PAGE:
Three words are dominant in our vocabulary today: diversity, innovation, disruption. It is the relationship of the three that is intriguing. Diversity of thought, termed “cognitive diversity”, often creates disruption. Disruption creates discomfort. Many successful leaders considerthis a whopping positive. The former CEO of General Motors, Alfred Sloan, had these thoughts in response to his team being in complete unison during one meeting: “Gentlemen, I take it we are all in complete agreement on the decision here.” Everyone nodded. He continued, “Then, I propose we postpone further discussion of this matter until the next meeting to give ourselves time to develop disagreement, and perhaps gain some understanding of what the decision is all about.” A leadership principle on the Amazon company’s website reads, “Have backbone; disagree and commit.” CEO Jeff Bezos feels leaders are obligated to “respectfully challenge decisions when they disagree, even when doing so is uncomfortable or exhausting.”
We want innovation. Yet we sabotage a higher likelihood of achieving it when we turn our backs to uncomfortable ideas. This unfortunate phenomenon has been researched for years. That same research reveals that diversity, via disruption, fuels innovation. The Center for Talent Innovation (CTI) breaks diversity into two categories: Inherent diversity, which describes the characteristics we traditionally think of when we think about diversity: religion, culture, appearance. Acquired diversity, which also weighs a person’s experience, such as where they grew up or were educated, plays an equal part in creating differences. In its 2013 report Innovation, Diversity and Market Growth, the CTI further asserts that teams ought to have a healthy mix of both types of diversity to thrive. In fact, companies and teams with “two-dimensional diversity” – leaders who have both inherent and acquired diversity traits – are 45% more likely to report year-over-year market share growth that companies without it. In fact, the report revealed that the vast majority of white-collar employees in the US, 78%, work for companies that fail to realize their full innovative potential because their leadership lacks the inclusive behaviors needed to effectively “unlock” the innovative potential of an inherently diverse workforce. We begin to understand why so many workers in America are unhappy in their jobs. Many readily say they support diversity and inclusion, but when it comes down to the wire, many are shunned, ridiculed, or even fired for being “disruptive” and “not fitting the culture”. How, then, can diversity of thought become a more easily embraced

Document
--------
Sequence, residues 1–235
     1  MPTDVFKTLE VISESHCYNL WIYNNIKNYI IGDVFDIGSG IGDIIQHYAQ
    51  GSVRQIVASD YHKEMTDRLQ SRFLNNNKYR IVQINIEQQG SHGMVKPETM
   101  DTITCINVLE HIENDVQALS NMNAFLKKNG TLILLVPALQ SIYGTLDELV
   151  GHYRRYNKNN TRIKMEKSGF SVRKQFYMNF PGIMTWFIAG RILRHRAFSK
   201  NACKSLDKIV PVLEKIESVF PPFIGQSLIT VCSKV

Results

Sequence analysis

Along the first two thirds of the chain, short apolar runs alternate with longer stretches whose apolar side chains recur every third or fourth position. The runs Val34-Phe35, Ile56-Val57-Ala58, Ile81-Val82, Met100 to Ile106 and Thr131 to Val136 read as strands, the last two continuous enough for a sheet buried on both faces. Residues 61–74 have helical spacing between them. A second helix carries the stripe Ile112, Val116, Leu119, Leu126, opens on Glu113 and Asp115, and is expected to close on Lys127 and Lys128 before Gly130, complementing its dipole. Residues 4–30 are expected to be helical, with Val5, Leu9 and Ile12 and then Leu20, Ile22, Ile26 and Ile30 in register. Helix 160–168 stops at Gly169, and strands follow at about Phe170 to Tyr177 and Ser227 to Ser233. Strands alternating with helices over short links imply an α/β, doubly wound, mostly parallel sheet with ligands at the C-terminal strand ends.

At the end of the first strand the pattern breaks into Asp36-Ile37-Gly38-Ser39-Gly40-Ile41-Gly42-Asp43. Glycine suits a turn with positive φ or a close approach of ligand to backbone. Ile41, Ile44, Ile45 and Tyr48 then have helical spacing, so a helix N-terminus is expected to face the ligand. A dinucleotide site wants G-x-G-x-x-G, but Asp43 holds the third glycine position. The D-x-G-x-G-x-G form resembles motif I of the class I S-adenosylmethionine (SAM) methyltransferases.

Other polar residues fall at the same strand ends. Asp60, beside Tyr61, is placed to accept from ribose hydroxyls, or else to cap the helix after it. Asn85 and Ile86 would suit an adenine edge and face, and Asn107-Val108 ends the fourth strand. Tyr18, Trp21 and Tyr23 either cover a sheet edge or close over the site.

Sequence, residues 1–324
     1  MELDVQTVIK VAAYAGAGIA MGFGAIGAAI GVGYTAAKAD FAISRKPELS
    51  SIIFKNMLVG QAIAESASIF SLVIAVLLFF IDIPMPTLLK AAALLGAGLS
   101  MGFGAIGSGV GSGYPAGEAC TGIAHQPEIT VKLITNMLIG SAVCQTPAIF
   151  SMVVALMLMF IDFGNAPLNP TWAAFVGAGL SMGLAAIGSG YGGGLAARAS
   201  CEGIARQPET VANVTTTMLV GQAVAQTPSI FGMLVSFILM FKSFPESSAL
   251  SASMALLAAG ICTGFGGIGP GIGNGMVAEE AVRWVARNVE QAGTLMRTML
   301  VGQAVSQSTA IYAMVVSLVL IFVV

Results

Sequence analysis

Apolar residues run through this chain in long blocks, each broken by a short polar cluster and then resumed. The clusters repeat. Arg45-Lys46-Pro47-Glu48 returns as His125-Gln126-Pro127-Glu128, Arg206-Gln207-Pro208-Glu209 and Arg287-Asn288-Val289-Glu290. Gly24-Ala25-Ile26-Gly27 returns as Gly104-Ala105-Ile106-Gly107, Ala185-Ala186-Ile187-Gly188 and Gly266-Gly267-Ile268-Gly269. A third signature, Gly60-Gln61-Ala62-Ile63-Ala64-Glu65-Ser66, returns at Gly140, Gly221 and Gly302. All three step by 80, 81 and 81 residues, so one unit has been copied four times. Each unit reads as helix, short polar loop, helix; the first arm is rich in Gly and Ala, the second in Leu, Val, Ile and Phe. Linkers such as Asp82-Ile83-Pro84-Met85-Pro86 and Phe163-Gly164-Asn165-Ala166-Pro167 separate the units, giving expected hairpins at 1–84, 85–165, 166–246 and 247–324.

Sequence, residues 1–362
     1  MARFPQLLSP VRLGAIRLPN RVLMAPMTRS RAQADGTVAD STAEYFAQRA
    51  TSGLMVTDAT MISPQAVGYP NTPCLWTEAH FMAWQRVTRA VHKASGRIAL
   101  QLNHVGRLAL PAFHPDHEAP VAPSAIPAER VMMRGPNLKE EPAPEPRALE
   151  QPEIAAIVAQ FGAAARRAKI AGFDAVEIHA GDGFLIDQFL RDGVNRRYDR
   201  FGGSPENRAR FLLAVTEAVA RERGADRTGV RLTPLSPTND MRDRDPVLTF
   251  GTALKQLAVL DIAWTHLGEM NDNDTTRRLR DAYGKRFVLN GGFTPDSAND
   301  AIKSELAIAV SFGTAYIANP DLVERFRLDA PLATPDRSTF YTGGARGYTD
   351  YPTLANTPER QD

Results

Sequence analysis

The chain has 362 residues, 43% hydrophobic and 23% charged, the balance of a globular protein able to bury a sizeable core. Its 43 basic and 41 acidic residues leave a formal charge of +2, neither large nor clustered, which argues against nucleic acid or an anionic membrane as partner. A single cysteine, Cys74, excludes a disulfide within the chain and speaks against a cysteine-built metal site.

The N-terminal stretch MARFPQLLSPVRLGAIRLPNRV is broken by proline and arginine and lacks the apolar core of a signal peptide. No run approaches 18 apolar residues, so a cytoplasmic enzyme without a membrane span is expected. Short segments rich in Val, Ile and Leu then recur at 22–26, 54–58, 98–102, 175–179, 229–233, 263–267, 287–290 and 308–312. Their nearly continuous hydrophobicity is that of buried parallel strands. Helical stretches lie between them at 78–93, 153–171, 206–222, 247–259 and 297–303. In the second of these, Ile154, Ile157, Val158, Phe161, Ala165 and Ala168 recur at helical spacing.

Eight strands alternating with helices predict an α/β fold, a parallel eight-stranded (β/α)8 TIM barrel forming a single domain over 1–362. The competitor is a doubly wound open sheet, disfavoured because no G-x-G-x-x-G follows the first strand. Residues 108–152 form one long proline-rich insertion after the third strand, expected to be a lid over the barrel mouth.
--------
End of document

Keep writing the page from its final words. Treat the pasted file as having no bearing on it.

behavior? In 2004, Anthony Lising Antonio, a professor at the Stanford Graduate School of Education, said ”When we hear dissent from someone who is different from us, it provokes more thought than when it comes from someone who looks like us.”
The McKinsey Study from 2011 Big data: The next frontier for innovation, competition, and productivity revealed some interesting statistics about diversity. The study concluded that gender diverse teams are 15% more productive and ethnically diverse teams are 35% more productive. The study went on to claim that for every 10% increase in ethnic diversity on the senior team, there is a 0.8% increase in earnings. This introduces another term bandied about in companies all the time – team building. This diversity > disruption > innovation concept should challenge how we build the teams within our companies. Are they built for our success as a company, or merely for our unity as a corporate culture?